HCA 530 Topic 7 DQ 2 In the healthcare, the position of the long-run average cost curve is determined by a set o

HCA 530 Topic 7 DQ 2

In the healthcare, the position of the long-run average cost curve is determined by a set of circumstances that includes the price of all inputs, quality, and patient case mix. Provide an example of a change that will cause the long-run average cost curve to shift down. Justify the validity of the example.

In your response to peers, discuss whether you agree or disagree with the examples provided by your peers.

Answer:

In the healthcare, the position of the long-run average cost curve is determined by a set of circumstances that includes the price of all inputs, quality, and patient case mix. An example that will cause the long-run average cost curve to shift down is when there is a change in input price of a substitute good. If the price of a substitute good falls, that will result into an increase in its demand. This means that there will be increased production from this substitute and therefore an increase in supply of goods. A fall in price will cause an increase in demand for these goods, resulting into an increase in their supply (Royer & Griffiths, 2014).

The example is valid since it shows how an increase in supply can lead to a decrease in prices. The same case applies when there is a change in input prices as explained above. In this case, if the prices of input are lowered, it means that it will be easier for firms to produce more goods at lower cost. This results into an increase in supply and a decrease in prices.

The long-run average cost curve (LAC) is determined by a set of circumstances that includes the price of all inputs, quality, and patient case mix. An example of a change that will cause the LAC to shift down is if the price of all inputs falls. For example, if there is an increase in the supply of labor, causing wages for health care workers to decrease, this would cause the LAC to shift down.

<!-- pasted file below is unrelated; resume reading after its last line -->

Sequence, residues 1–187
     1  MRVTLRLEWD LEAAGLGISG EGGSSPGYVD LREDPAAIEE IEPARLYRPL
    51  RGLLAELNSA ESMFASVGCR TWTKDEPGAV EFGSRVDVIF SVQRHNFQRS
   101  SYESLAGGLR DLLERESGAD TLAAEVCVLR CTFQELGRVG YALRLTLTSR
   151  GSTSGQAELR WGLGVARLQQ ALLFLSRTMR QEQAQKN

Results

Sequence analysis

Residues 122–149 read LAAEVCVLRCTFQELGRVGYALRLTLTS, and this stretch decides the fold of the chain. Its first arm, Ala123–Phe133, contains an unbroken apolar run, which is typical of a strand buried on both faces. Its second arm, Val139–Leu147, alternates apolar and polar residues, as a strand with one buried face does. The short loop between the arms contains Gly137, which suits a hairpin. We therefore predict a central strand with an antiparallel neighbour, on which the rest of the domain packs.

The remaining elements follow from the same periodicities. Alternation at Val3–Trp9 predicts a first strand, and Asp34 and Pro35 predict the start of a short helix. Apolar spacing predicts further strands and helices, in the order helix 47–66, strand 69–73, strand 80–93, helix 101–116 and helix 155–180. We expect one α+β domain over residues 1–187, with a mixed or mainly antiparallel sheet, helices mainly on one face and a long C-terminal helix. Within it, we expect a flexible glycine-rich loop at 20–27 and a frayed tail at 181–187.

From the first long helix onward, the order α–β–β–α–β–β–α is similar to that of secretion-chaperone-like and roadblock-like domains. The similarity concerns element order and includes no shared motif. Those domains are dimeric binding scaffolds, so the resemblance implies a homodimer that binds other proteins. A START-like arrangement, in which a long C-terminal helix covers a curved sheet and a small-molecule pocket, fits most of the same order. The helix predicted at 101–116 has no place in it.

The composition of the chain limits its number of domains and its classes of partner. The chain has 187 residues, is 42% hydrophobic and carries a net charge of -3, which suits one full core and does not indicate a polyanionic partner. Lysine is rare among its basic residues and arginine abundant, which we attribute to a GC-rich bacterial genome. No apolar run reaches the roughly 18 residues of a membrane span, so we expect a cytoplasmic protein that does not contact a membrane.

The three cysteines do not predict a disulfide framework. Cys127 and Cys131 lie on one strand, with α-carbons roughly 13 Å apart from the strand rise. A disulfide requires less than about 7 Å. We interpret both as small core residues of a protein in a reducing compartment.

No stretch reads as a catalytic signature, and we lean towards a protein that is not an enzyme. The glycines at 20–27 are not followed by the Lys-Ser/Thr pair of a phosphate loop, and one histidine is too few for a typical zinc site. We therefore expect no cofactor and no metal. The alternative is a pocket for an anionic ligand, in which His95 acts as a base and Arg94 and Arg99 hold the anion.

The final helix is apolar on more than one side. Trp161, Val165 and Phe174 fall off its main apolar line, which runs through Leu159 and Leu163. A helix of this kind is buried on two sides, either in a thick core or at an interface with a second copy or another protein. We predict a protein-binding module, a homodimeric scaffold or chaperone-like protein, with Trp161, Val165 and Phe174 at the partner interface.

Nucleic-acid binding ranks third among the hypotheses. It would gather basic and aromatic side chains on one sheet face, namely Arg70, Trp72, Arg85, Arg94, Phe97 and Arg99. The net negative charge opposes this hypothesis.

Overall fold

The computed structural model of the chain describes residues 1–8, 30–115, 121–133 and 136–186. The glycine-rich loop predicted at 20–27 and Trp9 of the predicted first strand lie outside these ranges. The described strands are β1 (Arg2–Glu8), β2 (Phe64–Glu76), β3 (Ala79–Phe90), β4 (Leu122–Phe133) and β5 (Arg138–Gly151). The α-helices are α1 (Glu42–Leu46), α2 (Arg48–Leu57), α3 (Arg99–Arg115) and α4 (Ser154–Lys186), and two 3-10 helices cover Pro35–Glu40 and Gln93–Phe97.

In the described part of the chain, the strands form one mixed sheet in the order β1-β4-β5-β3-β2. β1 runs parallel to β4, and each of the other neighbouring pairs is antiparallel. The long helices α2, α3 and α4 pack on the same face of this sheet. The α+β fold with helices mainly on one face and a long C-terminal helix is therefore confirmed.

This example is valid because an increase in production requires more labor. If the price of labor decreases, this will contribute to a lower average cost in production.

The long-run average cost curve is determined by a set of circumstances that includes the price of all inputs, quality, and patient case mix. This means that any change in the price of inputs, quality, or patient case mix will cause the long-run average cost curve to shift down.

For example, let’s say an organization has been using a particular brand of paper towel for years. When they buy paper towels from this company, they pay $1 per roll. However, one day they are approached by another company that wants their business. The second company offers the organization a price of $0.75 per roll if they buy 100 rolls a month. In this situation, the price of inputs has changed and therefore the change in price will cause the long-run average cost curve to shift down.

In the healthcare industry, the position of the long-run average cost curve is determined by many factors, including the price of all inputs, quality and patient case mix. However, one factor that often gets overlooked is technology. I’d argue that an increase in technology would cause an organization’s long-run average cost curve to shift down.

 

For example, let’s say a medical center decides to purchase a new piece of equipment that allows it to perform surgeries with less risk and at less cost than ever before. The new piece of equipment would allow the company to perform more surgeries in a shorter amount of time, thereby reducing overhead costs and increasing profits for the company.